Exploring alternatives to Google Notebook? There are more than a few ‘notebooks’ available online these days, although choosing the right one will likely depend on just what you use Google Notebook for.

  1. Zoho Notebook
    If you want to stick with something as close to Google Notebook as possible, Zoho Notebook may just be your best bet. The user interface has some significant changes, but in general, Zoho Notebook has pretty similar features. There is even a Firefox plugin that allows you to highlight content and drop it into your Notebook. You can go a bit further, though, dropping in any spreadsheets or documents you have in Zoho, as well as some applications and all websites — to the point that you can control a desktop remotely if you pare it with something like Zoho Meeting.
  2. Evernote
    The features that Evernote brings to the table are pretty great. In addition to allowing you to capture parts of a website, Evernote has a desktop search tool mobil versions (iPhone and Windows Mobile). It even has an API, if you’ve got any features in mind not currently available. Evernote offers 40 MB for free accounts — if you’ll need more, the premium version is priced at $5 per month or $45 per year. Encryption, size and whether you’ll see ads seem to be the main differences between the free and premium versions.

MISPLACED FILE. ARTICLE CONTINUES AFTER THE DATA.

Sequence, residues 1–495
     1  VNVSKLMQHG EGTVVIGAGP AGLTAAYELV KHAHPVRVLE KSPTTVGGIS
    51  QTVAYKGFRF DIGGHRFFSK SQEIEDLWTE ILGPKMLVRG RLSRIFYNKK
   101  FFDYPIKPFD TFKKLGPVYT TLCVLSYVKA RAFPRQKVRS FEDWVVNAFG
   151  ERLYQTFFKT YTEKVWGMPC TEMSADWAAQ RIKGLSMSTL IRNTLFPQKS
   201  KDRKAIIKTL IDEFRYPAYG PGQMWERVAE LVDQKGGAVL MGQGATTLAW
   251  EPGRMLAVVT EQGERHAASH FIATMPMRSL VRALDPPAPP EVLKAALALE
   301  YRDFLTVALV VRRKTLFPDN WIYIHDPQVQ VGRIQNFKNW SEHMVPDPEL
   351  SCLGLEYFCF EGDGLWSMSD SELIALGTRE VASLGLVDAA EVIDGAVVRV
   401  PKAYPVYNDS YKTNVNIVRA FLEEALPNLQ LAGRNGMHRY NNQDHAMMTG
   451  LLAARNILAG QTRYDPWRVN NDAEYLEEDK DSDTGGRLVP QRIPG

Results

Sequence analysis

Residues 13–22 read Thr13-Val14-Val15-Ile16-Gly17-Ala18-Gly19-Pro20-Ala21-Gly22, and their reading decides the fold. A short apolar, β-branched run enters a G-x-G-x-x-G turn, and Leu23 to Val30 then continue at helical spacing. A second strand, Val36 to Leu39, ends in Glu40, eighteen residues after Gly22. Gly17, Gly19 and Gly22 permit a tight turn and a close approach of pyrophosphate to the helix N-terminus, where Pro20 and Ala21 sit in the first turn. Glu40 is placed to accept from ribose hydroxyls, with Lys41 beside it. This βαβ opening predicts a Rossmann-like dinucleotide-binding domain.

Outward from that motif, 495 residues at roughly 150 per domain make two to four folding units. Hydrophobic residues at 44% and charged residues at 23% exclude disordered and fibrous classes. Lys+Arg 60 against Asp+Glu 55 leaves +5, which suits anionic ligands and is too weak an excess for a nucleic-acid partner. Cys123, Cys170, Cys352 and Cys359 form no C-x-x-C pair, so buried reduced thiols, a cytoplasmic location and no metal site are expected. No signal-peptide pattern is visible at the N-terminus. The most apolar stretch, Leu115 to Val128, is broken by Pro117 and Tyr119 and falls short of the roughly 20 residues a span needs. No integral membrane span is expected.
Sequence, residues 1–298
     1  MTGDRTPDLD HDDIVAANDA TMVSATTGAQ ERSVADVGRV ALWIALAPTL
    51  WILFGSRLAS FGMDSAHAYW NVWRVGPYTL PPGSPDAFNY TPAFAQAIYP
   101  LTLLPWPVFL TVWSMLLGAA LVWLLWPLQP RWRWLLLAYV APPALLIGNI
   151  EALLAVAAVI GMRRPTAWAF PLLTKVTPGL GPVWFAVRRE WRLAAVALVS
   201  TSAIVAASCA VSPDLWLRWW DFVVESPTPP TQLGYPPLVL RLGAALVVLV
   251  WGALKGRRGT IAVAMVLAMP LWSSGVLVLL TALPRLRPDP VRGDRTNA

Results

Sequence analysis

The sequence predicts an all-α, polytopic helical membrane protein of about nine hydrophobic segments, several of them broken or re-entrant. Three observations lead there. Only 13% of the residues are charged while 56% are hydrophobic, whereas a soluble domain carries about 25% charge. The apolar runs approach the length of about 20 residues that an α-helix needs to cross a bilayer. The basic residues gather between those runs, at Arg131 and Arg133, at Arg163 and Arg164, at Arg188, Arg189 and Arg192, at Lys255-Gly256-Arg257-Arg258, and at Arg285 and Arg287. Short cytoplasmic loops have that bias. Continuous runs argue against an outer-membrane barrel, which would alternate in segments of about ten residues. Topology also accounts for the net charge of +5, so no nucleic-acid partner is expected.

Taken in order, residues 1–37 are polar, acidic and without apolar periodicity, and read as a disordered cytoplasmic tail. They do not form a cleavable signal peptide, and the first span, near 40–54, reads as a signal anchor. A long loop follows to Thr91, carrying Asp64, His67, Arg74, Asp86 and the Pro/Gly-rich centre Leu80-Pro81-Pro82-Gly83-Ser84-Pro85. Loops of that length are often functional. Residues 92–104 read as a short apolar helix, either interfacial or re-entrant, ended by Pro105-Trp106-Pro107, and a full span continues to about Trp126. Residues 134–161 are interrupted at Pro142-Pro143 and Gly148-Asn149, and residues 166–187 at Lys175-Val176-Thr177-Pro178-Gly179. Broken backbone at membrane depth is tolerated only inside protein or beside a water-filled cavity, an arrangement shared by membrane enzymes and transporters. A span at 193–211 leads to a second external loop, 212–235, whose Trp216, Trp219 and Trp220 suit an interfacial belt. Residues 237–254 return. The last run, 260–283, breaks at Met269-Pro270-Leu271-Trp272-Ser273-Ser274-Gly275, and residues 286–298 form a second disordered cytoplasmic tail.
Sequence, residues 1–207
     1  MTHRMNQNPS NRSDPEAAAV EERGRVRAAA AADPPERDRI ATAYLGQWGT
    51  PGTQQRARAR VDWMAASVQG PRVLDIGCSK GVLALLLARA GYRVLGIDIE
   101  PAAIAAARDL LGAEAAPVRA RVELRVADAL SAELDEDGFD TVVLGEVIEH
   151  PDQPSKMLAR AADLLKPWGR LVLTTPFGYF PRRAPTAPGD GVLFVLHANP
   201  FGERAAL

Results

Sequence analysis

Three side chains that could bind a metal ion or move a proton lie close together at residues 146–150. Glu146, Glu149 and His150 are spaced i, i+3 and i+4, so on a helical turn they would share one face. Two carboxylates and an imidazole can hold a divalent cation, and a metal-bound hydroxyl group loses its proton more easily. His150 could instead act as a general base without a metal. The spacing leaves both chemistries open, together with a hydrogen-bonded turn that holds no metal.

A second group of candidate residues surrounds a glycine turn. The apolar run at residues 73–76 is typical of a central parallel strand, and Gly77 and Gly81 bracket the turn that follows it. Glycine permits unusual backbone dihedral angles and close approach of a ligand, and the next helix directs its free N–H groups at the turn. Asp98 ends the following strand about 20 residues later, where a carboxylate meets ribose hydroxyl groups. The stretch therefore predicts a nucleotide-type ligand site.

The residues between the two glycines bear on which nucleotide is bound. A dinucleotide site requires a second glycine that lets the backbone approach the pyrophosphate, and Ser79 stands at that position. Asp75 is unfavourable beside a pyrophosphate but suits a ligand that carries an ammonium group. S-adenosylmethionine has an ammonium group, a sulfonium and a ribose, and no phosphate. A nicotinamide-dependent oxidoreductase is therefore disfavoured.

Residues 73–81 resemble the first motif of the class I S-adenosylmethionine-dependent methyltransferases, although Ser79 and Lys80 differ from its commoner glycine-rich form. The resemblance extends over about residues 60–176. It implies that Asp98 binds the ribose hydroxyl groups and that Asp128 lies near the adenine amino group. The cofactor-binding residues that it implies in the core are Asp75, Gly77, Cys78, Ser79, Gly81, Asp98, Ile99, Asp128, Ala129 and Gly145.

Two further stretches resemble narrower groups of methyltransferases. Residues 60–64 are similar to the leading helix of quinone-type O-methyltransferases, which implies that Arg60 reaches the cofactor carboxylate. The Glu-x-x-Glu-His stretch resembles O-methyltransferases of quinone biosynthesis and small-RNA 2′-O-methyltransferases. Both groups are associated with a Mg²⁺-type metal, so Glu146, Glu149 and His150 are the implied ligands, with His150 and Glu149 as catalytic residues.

3. Net Notes
    If the major allure for Google Notebooks lays in the Firefox extension, Net Notes might be a good alternative. It’s a Firefox extension that allows you to save notes on websites in your bookmarks. You can toggle the Net Notes sidebar and access your notes as you browse. You can also tag websites. Net Notes works with Mozilla Weave if you need to access your notes from multiple computers.
  4. i-Lighter
    You can highlight and save information from any website while you’re browsing with i-Lighter. You can also add notes to your i-Lighted information, as well as email it or send the information to be posted to your blog or Twitter account. Your notes are saved in a notebook on your computer — but they’re also synchronized to the iLighter website. You can log in to the site from any computer.
  5. Clipmarks
    For those browsers interested in sharing what they find with others, Clipmarks provides a tool to select clips of text, images and video and share them with friends. You can easily syndicate your finds to a whole list of sites such as Facebook, Twitter and Digg. You can also easily review your past clips and use them as references through Clipmarks’ website.